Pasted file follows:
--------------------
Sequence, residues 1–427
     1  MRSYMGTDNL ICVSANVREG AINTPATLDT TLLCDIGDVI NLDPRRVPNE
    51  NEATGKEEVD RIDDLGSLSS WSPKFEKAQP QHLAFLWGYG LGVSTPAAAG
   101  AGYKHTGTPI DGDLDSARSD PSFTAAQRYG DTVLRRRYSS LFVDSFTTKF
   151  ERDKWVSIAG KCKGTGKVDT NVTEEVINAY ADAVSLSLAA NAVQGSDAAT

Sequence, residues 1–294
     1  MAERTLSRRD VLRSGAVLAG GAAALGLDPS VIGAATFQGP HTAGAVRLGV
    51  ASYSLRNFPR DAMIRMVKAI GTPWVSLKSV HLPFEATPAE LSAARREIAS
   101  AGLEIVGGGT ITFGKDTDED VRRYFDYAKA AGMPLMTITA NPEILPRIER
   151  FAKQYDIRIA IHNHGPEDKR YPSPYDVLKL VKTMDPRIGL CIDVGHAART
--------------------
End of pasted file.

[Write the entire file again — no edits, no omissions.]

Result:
Sequence, residues 1–427
     1  MRSYMGTDNL ICVSANVREG AINTPATLDT TLLCDIGDVI NLDPRRVPNE
    51  NEATGKEEVD RIDDLGSLSS WSPKFEKAQP QHLAFLWGYG LGVSTPAAAG
   101  AGYKHTGTPI DGDLDSARSD PSFTAAQRYG DTVLRRRYSS LFVDSFTTKF
   151  ERDKWVSIAG KCKGTGKVDT NVTEEVINAY ADAVSLSLAA NAVQGSDAAT

Sequence, residues 1–294
     1  MAERTLSRRD VLRSGAVLAG GAAALGLDPS VIGAATFQGP HTAGAVRLGV
    51  ASYSLRNFPR DAMIRMVKAI GTPWVSLKSV HLPFEATPAE LSAARREIAS
   101  AGLEIVGGGT ITFGKDTDED VRRYFDYAKA AGMPLMTITA NPEILPRIER
   151  FAKQYDIRIA IHNHGPEDKR YPSPYDVLKL VKTMDPRIGL CIDVGHAART